Accompanied by his son, JP, seen here on the left, they and their group banded 5,564 (!!!!) terns in 5 hours! Pretty intense work. It helped that the terns were too young to fly, so they were easily corralled and the group culled off 500 at a time. Don't they look cute all penned up and waiting for their turn/ tern (hee, hee) to get a little bling clipped onto their leg? It was a colony of mostly young royal terns with about 600 sandwich terns mixed in.

I wish I had been there - what an awesome way to spend a day - on a beautiful island in the Outer Banks with over 5,000 baby shorebirds and doing a needed bit for bird research.

Saturday, August 8, 2009

Almost Fledging

Here are two of the four baby bluebirds giving my camera the stink-eye as I check their box. How about those white spots on their feathers? Like a fawn is spotted when it is young.

It has been a long and crazy summer. Too much going on in my life to spend quality time birding and hence, the paucity of posts.

But the backyard bluebird couple are successfully raising their brood of four in the little house my father built for my backyard. I will be moving on September first, ten miles north of where I currently live, and am anxious to see the bluebirds fledge so I can take down the house, clean it out and pack it up for the move. I have already cleaned and packed the birdfeeders, so even my backyard birding has quieted down. But I did get my first yard Baltimore Oriole last week. That brings my yard list up to 53. And this morning, drinking coffee on the deck while trying to figure out how to pack up Beverly the Stone Chicken, I saw a flash of white in the trees. Tree swallows? Went inside for the binoculars and was able to id a pair of Eastern Kingbirds playing tag at the edge of the yard. Cool - first kingbirds of the year.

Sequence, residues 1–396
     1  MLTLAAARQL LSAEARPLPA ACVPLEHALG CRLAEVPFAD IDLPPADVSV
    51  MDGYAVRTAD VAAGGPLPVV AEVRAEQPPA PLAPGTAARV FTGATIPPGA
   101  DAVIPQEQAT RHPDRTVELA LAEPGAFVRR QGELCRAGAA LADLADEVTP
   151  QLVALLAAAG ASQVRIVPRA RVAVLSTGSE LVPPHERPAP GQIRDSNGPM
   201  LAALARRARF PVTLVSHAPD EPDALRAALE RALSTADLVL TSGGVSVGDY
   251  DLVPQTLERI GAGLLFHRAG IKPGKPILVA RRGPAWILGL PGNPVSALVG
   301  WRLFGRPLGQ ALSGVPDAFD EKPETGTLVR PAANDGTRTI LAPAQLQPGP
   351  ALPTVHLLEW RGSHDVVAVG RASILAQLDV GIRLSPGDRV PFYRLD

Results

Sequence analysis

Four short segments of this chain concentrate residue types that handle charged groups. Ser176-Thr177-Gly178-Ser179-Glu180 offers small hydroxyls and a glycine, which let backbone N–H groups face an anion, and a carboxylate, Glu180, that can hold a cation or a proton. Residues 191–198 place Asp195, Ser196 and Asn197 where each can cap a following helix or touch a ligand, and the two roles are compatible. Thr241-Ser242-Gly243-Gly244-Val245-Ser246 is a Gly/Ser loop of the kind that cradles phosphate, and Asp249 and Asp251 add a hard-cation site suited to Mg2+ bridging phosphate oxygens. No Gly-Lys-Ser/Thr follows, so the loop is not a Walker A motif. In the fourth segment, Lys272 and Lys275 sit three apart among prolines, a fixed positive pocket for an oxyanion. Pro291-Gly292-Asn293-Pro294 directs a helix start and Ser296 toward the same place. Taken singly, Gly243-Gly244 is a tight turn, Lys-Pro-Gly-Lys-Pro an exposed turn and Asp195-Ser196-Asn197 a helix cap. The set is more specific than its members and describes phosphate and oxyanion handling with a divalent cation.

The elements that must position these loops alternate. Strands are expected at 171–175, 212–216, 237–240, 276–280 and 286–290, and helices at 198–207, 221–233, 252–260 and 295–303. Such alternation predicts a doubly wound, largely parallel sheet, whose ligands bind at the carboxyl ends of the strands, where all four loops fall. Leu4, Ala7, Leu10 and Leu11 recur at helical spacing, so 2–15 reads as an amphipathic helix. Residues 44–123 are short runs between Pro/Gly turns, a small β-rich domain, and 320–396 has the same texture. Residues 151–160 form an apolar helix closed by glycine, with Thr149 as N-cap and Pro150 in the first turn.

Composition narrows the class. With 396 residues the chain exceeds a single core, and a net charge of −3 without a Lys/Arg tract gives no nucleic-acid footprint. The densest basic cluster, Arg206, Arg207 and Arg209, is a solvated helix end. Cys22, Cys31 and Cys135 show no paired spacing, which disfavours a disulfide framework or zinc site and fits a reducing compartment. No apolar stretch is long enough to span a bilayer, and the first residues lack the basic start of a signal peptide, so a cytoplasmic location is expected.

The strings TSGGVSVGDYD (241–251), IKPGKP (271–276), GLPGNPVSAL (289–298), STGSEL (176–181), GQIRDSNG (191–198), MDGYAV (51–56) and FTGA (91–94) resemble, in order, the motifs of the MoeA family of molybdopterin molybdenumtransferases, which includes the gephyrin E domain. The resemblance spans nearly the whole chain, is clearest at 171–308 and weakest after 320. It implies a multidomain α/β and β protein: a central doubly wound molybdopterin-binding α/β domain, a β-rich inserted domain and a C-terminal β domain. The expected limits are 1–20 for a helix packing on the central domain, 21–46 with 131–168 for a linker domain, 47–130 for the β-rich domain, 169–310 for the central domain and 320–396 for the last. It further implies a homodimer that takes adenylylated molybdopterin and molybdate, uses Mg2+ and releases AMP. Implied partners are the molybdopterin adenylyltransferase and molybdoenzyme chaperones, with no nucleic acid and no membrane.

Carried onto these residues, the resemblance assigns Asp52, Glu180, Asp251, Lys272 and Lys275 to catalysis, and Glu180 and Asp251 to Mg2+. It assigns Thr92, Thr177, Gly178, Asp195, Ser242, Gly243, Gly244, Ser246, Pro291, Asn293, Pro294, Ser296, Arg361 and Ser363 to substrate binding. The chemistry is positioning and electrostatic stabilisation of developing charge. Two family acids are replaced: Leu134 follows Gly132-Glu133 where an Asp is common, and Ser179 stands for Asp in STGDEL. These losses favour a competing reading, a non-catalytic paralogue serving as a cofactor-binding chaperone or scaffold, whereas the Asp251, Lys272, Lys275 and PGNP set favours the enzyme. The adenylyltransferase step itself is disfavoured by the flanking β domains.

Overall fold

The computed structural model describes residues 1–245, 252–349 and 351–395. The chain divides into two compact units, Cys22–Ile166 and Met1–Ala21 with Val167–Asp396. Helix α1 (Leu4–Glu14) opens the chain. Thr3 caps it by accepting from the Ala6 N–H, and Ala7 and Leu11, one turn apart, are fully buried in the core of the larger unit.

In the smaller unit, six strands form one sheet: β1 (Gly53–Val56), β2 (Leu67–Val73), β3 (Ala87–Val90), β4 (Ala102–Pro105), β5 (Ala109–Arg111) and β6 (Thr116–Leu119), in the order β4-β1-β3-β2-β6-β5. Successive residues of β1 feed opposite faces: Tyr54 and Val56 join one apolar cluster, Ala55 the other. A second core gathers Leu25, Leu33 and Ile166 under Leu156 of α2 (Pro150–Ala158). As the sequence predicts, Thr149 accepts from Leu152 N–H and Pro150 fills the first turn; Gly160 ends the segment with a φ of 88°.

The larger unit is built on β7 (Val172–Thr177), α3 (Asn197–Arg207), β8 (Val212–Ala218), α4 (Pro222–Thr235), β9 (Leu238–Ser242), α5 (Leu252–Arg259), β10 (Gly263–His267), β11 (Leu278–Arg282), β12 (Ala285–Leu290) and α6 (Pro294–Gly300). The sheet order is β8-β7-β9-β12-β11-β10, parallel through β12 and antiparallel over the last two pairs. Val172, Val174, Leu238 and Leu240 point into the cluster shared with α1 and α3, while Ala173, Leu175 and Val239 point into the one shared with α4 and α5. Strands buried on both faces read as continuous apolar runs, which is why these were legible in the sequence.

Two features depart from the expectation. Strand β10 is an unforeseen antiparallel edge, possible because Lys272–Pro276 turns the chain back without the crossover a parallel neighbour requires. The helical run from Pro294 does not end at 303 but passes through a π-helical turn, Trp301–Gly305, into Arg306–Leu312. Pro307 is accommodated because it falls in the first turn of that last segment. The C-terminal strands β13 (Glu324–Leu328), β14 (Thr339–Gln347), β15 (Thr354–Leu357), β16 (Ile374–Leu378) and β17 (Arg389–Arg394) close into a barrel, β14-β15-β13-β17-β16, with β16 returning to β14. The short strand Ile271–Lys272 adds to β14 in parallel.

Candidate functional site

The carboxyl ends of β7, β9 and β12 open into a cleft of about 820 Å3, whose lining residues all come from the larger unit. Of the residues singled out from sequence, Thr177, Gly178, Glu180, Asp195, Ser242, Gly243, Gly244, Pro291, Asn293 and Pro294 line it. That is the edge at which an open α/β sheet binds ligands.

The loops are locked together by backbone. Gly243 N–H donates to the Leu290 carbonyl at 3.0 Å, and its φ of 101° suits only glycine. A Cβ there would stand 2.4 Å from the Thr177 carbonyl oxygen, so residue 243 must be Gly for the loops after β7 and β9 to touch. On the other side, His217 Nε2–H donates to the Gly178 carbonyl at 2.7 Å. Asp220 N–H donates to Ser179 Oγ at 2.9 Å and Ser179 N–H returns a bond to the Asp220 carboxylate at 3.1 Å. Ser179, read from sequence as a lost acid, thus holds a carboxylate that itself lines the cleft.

I remember the first time I saw and identified a kingbird. It was perched on the post that holds up my clothesline. Do you remember the first time you see each of your species? Most of them stick with me. Like the Painted Bunting I first saw with my Uncle Jim while the deer flies ate me alive. Or the Prothonotary Warbler on the tree over the creek that I saw from the bridge overpass. Or the Veery I just got in the parking lot of the state park a few weeks ago. How about the Bobolink in the hay field in West Virginia with my peeps, The Flock. Or the red-winged blackbird that swooped in front of my car onto the shoulder of the road while I waited at the top of an exit ramp. Or the Blue-Winged Warbler that I identified by voice and watched for 1/2 an hour while it sang in Peace Valley Park - my usual bird haunt. Or the Gadwall that Pete Dunne showed me in his scope on a Cape May Autumn Weekend. Or the Chestnut-sided Warbler that Paco got me on at the New River Festival (one of my nemesis birds at the time). Or the Gray Catbird that was so close I could touch it, flashing his rufous rump patch in PennyPack Park. I even remember my first starling - I was on my first bird trip with Uncle Jim and asked him what it was. He called it a "trash bird" and I remember thinking "How can such a pretty bird be trash?". Now I know.

So as I prepare for my move and lots of other stuff at work and at home, I push birding to the back burner. But I have Cape May in October and Space Coast in January (staying with my wonderful Aunt Maggie! - Thanks, Mag!).

Sunday, August 2, 2009

Fairy Bluebirds and Bali Mynahs - McNeil Avian Center Part Three

More amazing birds from my trip last week to the Philadelphia Zoo's McNeil Avian Center:

A Fairy Bluebird from the forests of the Himalayas, northern India, Burma and Indochina.

Check out the feather detail on this mystery bird. I did not write down it's name while I was at the exhibit and I can not find information about it on the Philadelphia Zoo website. If anyone knows what it is, please let me know. It reminds of what the feathers on a Gadwall look like-kind of plain brown from a distance, but the up-close looks will take your breath away.

This Violaceous Turaco from West Africa had amazing maroon underwings only visible when it flew. Unfortunately, I only got pictures of it perched.

Another look at the mystery bird. A funny shape that reminded me of a ballerina in her tutu.

My absolute favorite bird of the entire exhibit was this Bali Mynah from Indonesia. Snow white with teal blue face mask. Gorgeous. The Bali Mynah is critically endangered because of habitat destruction by timber harvest, illegal cage-bird trade, poaching, and nest site competition with the Black-winged Starling. Right now there are only about 13-14 Bali Mynahs left in the wild.

A Victoria-Crowned pigeon (about the size of a large chicken) from New Guinea sunning itself in one of the walk-through exhibits. The feathery crown on it's head would be the envy of lots of church-going ladies. On the 2008 IUCN (International Union for the Conservation of Nature)List of Threatened Species, the Victoria crowned pigeon is listed as Vulnerable.

More Bali Mynahs....